Specifically on the point of Hipster racism, and the like, and also more broadly on your approach in general, I’d say I take issue with your dictatorial stance. It’s a problem the Left has. You seem to think you have the right way of protesting, and that your approach is the one true approach. There’s a religiosity in that. I really don’t think it’s for you to be telling other people that they shouldn’t be expressing themselves in a particular manner because it’s stupid. You completely discount the denaturing effect irony has. Black rappers who adopted the word ‘nigger’ destroyed the power of the word. The more black people used it, the less racists did. Gay people took ‘fag’ and made it theirs. Women took ‘slut’ and turned it into a positive. This way isn’t stupid or ineffective, it’s just not how you want things done. So I truly despise the term ‘hipster racism’: it’s the precocious on the left making enemies of allies, and it’s harmful. It’s saying ‘Even if you support progressive values, if you don’t do it my way, then not only are you not progressive, but you’re racist/homophobic/misogynistic’. This actively alienates people and devalues real racism/homophobia/misogyny by making everything seem prejudicial. If I was a victim of any of those three things, I’d be highly offended by those who believe in ‘hipster racism’.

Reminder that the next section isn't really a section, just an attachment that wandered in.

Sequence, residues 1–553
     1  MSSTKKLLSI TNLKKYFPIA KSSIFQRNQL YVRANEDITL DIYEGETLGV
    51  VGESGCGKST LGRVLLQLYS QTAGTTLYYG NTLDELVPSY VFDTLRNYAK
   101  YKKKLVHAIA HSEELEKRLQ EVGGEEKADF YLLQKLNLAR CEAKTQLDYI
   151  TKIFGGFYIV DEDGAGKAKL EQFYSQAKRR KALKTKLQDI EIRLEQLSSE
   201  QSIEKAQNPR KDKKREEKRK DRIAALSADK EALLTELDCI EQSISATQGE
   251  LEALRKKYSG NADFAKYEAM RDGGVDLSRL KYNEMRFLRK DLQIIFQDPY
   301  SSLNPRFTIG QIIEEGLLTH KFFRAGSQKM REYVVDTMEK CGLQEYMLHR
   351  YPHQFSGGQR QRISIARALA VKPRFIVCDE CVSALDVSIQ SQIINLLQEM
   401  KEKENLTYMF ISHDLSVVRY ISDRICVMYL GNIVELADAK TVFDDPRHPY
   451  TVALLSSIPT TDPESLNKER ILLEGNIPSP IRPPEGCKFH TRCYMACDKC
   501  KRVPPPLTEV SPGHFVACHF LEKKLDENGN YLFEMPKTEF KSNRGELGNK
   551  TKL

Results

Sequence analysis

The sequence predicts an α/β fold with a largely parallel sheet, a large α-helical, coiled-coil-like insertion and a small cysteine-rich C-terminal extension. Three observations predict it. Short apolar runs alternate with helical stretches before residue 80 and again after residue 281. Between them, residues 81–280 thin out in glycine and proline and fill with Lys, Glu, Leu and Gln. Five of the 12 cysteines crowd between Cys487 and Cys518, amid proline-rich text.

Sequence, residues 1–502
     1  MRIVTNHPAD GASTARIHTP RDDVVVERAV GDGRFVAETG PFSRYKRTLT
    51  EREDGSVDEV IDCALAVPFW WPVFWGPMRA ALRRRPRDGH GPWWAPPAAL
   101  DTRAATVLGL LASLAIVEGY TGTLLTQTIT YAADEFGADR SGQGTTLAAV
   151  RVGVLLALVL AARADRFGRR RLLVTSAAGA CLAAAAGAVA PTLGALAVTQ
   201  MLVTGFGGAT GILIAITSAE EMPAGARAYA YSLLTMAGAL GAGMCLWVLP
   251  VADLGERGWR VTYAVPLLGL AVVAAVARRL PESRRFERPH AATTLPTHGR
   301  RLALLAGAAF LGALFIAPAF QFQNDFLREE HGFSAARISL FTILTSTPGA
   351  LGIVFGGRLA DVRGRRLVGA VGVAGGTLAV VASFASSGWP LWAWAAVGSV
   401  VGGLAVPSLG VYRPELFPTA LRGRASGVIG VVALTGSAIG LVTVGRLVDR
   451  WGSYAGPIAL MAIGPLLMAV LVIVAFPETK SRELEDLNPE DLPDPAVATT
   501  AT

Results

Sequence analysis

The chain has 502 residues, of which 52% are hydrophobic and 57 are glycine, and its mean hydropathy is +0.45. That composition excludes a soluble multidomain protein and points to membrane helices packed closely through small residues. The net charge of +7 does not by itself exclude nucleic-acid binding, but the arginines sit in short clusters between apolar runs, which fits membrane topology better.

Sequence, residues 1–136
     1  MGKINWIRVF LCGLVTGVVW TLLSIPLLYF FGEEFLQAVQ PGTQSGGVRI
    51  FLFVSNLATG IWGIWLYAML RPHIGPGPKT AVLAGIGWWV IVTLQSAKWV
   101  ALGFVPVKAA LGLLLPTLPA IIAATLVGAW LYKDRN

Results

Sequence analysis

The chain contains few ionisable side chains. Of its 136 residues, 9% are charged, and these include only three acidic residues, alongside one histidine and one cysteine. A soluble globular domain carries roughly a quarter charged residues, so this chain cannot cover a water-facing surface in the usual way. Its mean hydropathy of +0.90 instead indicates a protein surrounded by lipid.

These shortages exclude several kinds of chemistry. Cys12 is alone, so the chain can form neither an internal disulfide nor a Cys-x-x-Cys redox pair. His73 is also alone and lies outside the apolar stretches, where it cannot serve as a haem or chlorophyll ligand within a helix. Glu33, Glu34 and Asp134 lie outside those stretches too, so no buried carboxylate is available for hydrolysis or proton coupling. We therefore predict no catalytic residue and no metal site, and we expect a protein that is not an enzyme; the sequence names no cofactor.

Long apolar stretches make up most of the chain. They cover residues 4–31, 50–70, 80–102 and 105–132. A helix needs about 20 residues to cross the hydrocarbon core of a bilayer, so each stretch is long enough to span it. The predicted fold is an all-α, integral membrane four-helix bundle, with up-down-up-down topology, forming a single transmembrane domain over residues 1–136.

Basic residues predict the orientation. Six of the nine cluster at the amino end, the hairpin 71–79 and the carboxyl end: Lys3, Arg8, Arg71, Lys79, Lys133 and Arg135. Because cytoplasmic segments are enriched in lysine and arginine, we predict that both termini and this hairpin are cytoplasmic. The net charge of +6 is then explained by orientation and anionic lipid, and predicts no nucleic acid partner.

To highlight my point: you see the ironic approach as dumb, because you don’t think it works. But I’d suggest you making your life difficult by not shopping at literally any major business is equally, if not more, ineffective. The corporations might not get your money, but they really don’t need it. You’re not going to change anything, not that you said you would, by not shopping at any of these places. You’ve got your principles, but it would be conceited to think your way of doing things is going to make any difference. And it’s important to know that, I think.
Just as an aside, I’m not at all keen on Marx, so I’m not too taken by his method. I also don’t like the way a lot of ‘communists’ treat his philosophy like the religious treat the bible. They take the good bits and pretend the bad bits don’t exist.
I seriously disagree with this false equivalence. Yes, all religions are madness, and yes, the Right hate Muslims because it sees them as heretics. But this comparison is misleading. There is no law which forces women to wear habits, very rarely is anyone’s family forcing them to become a nun, and no one’s going to be looking at a woman as if she were dirty for not choosing to become a nun.
Women who become nuns actively decide to scorn society around them. They aren’t born nuns. Muslim women, all too often, are right out of the womb and right into a hijab.
Choice. Women choose to become nuns out of devotion (delusion). Too many Muslim women are born into a culture which will scorn them, and actively remove any choice they should have as to whether they wish to wear a hijab or not. That’s oppression.
They’re not the same.